Viewpoint Discrimination, Hate Speech Law and the Double-Sided Nature of Freedom of Speech
Constitutional Commentary, Vol. 32, No. 3, 2017, 687-696
8 Pages Posted: 21 Feb 2019 Last revised: 22 Feb 2019
Date Written: February 20, 2017
This essay written for a Symposium on Hate Speech Bans and Political legitimacy addresses a claim (made by James Weinstein and rejected by Jeremy Waldron) that that hate speech laws can undermine the legitimacy of the legal system as a whole and of particular ‘downstream’ laws, such as laws prohibiting racial discrimination.
The debate between Weinstein and Waldron appears to put aside two often dominant questions: whether hate speech causes harm (the harm question) and whether the power to impose or enforce hate speech law will inevitably be used to protect government interests, favour the powerful and disadvantage the vulnerable (the abuse of power question). Weinstein accepts that hate speech causes certain harms and aims his arguments, for the most part at least, at the narrow kind of law that Waldron wishes to defend. (Laws, like s18(1) of the Public Order Act (UK) that are directed at highly vituperative kinds of bigoted speech).
Leaving these questions to one side sharpens this debate by avoiding the need to engage with the resolve the messy questions of fact. It also raises the stakes: Weinstein defence purports to apply even though the speech protected is worthless and even if a law is well targeted and competently administered law. It apparently yields a very strong defence of freedom of speech.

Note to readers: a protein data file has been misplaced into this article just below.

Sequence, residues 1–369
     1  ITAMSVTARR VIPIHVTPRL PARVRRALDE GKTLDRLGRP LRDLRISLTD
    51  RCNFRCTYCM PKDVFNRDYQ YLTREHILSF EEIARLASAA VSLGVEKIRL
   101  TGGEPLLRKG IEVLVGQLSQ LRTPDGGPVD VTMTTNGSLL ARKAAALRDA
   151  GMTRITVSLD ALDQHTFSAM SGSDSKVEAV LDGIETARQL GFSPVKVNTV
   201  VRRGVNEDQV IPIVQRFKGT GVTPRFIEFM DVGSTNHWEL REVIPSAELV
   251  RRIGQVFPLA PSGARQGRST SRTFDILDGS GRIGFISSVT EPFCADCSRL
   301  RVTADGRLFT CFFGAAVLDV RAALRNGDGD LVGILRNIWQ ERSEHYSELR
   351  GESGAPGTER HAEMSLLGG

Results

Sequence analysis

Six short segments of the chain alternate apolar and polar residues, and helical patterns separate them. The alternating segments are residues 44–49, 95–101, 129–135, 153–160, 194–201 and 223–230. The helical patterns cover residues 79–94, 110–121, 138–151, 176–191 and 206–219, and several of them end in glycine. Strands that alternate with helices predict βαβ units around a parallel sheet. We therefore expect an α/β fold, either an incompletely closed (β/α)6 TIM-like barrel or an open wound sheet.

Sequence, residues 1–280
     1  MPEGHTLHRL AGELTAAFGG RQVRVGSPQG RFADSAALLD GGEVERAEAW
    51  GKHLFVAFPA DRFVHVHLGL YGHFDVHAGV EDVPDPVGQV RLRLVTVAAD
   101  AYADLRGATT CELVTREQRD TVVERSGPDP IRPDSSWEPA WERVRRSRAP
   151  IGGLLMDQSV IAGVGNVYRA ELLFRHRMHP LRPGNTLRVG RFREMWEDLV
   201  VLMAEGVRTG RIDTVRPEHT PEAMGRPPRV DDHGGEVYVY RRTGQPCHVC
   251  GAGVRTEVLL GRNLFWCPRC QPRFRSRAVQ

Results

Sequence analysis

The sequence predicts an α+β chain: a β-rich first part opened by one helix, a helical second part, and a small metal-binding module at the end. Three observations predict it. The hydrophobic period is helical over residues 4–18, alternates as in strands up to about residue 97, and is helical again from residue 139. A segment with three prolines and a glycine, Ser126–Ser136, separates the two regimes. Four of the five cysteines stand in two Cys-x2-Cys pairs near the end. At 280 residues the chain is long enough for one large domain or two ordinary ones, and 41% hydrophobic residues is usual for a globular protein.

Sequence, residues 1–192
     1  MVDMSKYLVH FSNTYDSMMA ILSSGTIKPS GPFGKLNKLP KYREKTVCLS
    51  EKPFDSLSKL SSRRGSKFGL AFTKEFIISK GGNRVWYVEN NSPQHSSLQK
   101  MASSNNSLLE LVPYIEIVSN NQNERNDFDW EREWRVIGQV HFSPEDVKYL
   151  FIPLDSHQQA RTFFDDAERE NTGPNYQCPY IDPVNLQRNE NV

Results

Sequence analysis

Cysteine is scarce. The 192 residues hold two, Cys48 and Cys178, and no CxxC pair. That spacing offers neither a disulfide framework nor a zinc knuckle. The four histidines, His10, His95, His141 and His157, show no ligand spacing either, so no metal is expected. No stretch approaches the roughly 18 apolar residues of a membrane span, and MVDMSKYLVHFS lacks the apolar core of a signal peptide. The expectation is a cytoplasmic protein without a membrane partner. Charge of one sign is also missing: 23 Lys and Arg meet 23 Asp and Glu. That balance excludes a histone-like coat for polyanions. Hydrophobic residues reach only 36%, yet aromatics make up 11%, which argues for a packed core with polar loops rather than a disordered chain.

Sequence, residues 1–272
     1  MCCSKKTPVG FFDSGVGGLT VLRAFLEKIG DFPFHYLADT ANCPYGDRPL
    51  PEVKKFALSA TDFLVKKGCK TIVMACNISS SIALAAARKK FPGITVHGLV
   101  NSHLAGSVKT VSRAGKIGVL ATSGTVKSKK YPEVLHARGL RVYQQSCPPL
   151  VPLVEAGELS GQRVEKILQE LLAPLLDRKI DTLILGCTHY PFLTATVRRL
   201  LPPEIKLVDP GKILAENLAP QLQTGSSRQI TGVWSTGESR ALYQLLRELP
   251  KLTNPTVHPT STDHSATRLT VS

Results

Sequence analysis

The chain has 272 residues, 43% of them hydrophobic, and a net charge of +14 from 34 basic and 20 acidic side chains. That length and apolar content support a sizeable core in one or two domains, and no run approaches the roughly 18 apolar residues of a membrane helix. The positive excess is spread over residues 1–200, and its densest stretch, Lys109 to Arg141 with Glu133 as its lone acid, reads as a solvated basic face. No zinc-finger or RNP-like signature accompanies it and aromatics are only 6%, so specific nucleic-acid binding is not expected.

However, I am not convinced that the question of legitimacy of hate speech laws can be resolved in this way. The argument from political legitimacy illustrates how the values underlying speech can be wielded both for and against the protection of speech, a phenomenon I have elsewhere described as the ‘double-sided’ nature of freedom of speech. Precisely for these reasons, as I have also argued elsewhere, the messy realities to which the harm question and the abuse of power question direct us cannot be easily avoided. Nor can Weinstein so neatly avoid questions as to the nature and worth of hateful speech.
Keywords: K00, K39
JEL Classification: freedom of speech, hate speech, comparative constitutional law
Suggested Citation: Suggested Citation